U.S. Fish and  Wildlife Service



U.S. Fish and Wildlife Service Whirling Disease Foundation

January 13, 1997
Janet Tennyson 202-208-5634
Tom Anacker or Sue Higgins 406-585-0860


A major weapon in the fight against whirling disease--a trout-killing infection that is devastating in some wild trout populations--has been developed by researchers at the University of California-Davis, the U.S. Fish and Wildlife Service and the Whirling Disease Foundation announced today.

Mr. Karl Andree and Professor Ronald Hedrick at the university's School of Veterinary Medicine isolated genes specific to the parasite causing whirling disease, allowing scientists to apply a special DNA-based test as a diagnostic tool. The research leading to this advance was funded by the U.S. Fish and Wildlife Service, the Whirling Disease Foundation, Trout Unlimited, and the Montana Department of Fish, Wildlife, and Parks.

"This opens up a promising new era in our efforts to protect America's prime trout fisheries from whirling disease," said John Rogers, Acting Service Director. "It gives fishery managers an early warning system that should enable them to detect this disease early and help control its spread."

Whirling disease, caused by a microscopic parasite introduced to the United States in the 1950s, is believed responsible for the decimation of trout populations in some of America's most renowned trout streams, especially in the Rocky Mountain West. In recent years, whirling disease has been associated with an estimated 90-percent decline in Montana's upper Madison River wild rainbow trout population as well as disastrous rainbow trout losses in Colorado's South Platte, Gunnison, and Colorado rivers. This has alarmed scientists and anglers alike, spurring several intensive research efforts.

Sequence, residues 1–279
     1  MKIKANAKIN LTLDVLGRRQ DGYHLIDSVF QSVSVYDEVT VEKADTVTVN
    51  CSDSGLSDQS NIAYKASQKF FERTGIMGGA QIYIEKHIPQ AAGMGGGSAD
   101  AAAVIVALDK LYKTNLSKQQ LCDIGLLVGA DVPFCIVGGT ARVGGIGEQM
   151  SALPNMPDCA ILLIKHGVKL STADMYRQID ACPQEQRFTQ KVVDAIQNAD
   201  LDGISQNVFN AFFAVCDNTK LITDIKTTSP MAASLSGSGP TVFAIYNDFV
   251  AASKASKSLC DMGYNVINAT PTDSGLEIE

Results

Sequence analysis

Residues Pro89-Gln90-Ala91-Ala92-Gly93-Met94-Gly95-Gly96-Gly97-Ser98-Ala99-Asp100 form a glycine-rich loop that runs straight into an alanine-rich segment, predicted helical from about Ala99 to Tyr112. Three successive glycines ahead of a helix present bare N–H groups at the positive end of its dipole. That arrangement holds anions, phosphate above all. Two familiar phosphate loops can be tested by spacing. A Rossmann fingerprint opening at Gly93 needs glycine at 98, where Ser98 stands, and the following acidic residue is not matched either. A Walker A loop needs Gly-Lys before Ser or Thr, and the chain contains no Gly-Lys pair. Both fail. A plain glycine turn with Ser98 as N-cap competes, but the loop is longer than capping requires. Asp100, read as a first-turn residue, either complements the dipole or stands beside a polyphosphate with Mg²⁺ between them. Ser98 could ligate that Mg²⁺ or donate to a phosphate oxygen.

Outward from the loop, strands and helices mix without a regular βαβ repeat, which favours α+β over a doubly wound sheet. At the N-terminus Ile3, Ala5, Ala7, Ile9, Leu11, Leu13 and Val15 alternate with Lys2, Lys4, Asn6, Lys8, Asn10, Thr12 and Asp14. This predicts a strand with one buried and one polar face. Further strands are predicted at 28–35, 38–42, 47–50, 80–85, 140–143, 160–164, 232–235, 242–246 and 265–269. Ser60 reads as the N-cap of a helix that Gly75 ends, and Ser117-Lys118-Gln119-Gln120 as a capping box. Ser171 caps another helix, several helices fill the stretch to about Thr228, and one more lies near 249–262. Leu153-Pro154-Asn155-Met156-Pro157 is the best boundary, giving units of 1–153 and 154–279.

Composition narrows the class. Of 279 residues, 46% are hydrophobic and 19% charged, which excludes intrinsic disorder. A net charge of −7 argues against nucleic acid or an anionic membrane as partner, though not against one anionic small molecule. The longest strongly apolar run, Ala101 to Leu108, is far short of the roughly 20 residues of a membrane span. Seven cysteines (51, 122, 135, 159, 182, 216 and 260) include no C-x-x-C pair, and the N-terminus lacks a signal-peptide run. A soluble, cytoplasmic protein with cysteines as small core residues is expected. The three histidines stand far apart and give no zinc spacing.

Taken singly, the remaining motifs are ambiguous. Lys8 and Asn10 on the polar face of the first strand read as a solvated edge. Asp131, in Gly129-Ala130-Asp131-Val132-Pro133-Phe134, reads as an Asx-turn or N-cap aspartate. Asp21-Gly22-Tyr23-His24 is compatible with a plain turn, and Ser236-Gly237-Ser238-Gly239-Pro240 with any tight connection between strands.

Andree and Hedrick isolated genes from Myxobolus cerebralis (the parasite causing whirling disease), allowing the use of a modern diagnostic test known as the Polymerase Chain Reaction (PCR). The test can also detect infections in the parasite's other host, the aquatic worm Tubifex tubifex. The PCR test amplifies even very small amounts of the parasite's DNA, allowing its detection at much lower levels than previously possible.

Refining the PCR method may also allow non-lethal diagnostic testing of trout in the future, which scientists consider increasingly important in the face of dwindling wild trout populations in some locations. With the new discovery, the PCR method can also indicate the parasite's existence in a given body of water.

According to Beth MacConnell, the Service's top whirling disease biologist stationed at the Bozeman Fish Technology Center in Montana, the discovery will be a crucial component of all future whirling disease research. "The new diagnostic tool provides speed, accuracy, and sensitivity we simply didn't have before," she said.